I'm going to have magenta coloured hair 🙂 Test drove finger waves today. My mum has to do it (she is a professional hairdresser, trained as an apprentice and journeywoman under th eold system 🙂 ) But it;s been a long time since she's needed to do finger waves so we are looking at making sure we practice and we make the style work with the way my hair works. My new curl is great but it means the waves have to be Just So or we wind up essentially straightening it 😉


So today I managed to get all the tape inside one corset, and I got my panniers cut and the tape sewn along the top edge. I managed to just piece enough!


And I have been watching Tweleve a lot, the whole Danny Pink arc is a bit comforting right now. It's fiction but it is a comfort. 

If I don’t enter my frock in the Upcycling contest then I can wear it all day. However I’ve done so much research and have so many files of patterns saved that I really want to share. Also, did you know Jeanne Lenvin not only didn’t originate the Robe de Style but she basically renamed a fashion that was already known as being Spanish. Yep. So that’s been fun to find when that changed.

But another thing I suspect not many people here will be aware of is that while the bagginess was every where a lot of women not only didn’t like it but managed to remain not only very fashionable but rather daring in having their clothes fit incredibly close to the body.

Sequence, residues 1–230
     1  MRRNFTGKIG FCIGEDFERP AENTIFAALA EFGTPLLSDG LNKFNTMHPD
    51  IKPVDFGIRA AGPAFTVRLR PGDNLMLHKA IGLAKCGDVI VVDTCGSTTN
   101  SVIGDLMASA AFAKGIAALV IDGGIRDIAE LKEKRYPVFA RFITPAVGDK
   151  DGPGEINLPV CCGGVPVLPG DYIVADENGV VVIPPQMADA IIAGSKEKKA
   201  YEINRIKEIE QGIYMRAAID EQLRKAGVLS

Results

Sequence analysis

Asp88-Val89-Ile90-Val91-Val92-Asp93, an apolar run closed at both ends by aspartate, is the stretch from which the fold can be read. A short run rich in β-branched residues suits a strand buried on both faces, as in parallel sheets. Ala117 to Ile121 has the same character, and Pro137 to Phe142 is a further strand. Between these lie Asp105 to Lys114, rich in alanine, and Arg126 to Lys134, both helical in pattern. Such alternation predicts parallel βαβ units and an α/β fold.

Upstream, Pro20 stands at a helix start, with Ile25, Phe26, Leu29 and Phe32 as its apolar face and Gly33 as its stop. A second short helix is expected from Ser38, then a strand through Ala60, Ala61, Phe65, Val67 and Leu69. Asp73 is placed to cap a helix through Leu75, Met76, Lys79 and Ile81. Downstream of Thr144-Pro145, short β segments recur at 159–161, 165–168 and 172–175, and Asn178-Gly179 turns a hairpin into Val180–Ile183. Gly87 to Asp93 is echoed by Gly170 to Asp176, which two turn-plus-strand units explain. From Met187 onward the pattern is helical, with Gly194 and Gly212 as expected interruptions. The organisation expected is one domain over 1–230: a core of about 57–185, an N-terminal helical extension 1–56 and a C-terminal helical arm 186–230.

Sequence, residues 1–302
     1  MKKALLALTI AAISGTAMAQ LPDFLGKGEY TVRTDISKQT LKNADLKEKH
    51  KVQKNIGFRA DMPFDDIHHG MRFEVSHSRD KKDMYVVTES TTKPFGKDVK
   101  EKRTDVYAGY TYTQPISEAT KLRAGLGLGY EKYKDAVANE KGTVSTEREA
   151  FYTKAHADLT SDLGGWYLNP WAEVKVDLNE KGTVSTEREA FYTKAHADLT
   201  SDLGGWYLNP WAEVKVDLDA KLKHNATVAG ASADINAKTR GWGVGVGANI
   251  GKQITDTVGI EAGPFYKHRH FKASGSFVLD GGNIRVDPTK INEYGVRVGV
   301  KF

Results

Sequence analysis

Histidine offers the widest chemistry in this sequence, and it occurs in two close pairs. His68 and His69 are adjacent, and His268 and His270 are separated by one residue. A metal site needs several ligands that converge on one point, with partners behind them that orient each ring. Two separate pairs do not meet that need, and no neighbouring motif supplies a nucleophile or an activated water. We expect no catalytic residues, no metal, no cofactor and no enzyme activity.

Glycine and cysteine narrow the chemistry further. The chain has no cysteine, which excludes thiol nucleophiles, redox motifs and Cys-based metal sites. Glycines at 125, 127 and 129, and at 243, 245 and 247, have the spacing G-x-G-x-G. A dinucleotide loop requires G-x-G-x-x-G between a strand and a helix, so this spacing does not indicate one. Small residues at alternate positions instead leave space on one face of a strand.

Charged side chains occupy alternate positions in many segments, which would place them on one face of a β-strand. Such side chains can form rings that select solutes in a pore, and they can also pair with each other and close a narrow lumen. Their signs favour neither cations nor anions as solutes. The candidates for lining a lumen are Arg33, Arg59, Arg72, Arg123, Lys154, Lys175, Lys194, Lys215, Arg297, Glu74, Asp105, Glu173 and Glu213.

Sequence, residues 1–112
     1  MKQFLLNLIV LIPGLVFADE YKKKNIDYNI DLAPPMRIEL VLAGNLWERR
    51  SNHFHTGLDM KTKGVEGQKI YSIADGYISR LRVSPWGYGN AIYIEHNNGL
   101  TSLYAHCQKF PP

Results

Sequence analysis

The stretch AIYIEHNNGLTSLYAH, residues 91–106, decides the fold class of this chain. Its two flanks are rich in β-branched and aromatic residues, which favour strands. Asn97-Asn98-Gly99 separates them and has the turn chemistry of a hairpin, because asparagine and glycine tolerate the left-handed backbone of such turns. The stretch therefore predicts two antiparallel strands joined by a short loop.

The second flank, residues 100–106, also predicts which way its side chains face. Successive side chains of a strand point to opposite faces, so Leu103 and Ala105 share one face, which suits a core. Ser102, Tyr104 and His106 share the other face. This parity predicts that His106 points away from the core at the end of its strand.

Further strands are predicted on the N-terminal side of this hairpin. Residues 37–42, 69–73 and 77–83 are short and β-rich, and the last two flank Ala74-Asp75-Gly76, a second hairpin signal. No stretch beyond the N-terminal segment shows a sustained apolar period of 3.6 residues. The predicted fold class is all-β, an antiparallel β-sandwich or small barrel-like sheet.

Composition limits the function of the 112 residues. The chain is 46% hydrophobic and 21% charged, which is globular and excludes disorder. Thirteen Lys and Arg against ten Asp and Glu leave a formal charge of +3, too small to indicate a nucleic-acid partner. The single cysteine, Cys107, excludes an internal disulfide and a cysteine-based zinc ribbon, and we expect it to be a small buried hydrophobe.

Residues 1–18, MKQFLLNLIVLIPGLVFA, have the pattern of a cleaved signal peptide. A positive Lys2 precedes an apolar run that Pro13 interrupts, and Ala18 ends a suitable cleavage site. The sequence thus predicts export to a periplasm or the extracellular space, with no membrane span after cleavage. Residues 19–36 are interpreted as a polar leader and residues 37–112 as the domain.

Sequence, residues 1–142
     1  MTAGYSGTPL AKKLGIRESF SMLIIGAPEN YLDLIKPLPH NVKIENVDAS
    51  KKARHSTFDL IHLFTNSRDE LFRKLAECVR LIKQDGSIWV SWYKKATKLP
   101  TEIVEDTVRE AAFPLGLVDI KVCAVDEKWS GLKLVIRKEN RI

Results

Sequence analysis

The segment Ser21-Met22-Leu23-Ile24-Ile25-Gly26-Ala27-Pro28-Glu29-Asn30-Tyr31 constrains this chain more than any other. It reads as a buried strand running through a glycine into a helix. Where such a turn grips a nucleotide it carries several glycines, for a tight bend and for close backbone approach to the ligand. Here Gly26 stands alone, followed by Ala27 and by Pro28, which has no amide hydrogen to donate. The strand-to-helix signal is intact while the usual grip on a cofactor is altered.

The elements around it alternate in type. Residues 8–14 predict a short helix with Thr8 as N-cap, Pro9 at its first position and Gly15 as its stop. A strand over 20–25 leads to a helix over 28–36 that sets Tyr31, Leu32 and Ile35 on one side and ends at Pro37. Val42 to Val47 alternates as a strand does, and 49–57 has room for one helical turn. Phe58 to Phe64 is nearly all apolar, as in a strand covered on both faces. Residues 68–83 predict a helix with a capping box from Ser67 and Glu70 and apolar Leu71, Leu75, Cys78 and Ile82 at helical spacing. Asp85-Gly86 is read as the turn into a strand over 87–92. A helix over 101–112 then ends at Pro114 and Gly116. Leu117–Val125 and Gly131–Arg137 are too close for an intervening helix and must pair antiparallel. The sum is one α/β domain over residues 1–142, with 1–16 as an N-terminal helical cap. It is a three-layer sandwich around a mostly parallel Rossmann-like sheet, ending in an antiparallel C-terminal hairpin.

So I am really inspired to do something with a really deep V front and back and either a falred skirt or fitted (These are all from pre-1930)


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(Our Dancing Daughters)

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If Vilma Bankey, Clara Bow, and Joan Crawford all wear fitted bodices so can I 😉 I like structure darnit!


but then I am also in love with the idea of a flared coat:



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Or a semi loose.. something:



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Oh yes, lots of these are from Gallica, I did indeed look through every edition of the magaine from 1920-1930.. Lots of patterns 🙂



The draft really didn’t need a huge amount of adjusting, I may just need to adjust some of my measuring 🙂



The back is lovely, it’s just too wide in the shoulders, and my mannequin does have a higher shoulder than me.


The front is a bit of a mess, I always have this trouble with drafting systems from this era though, so it’s no different. I can however use the changes made today to determine how to take measurements for the next run through.



So basically the same issues as with corsets I have scaled, with other patterns- I have a proportionally narrow torso. I am hour glass but I do not continue to taper out past my lower ribs.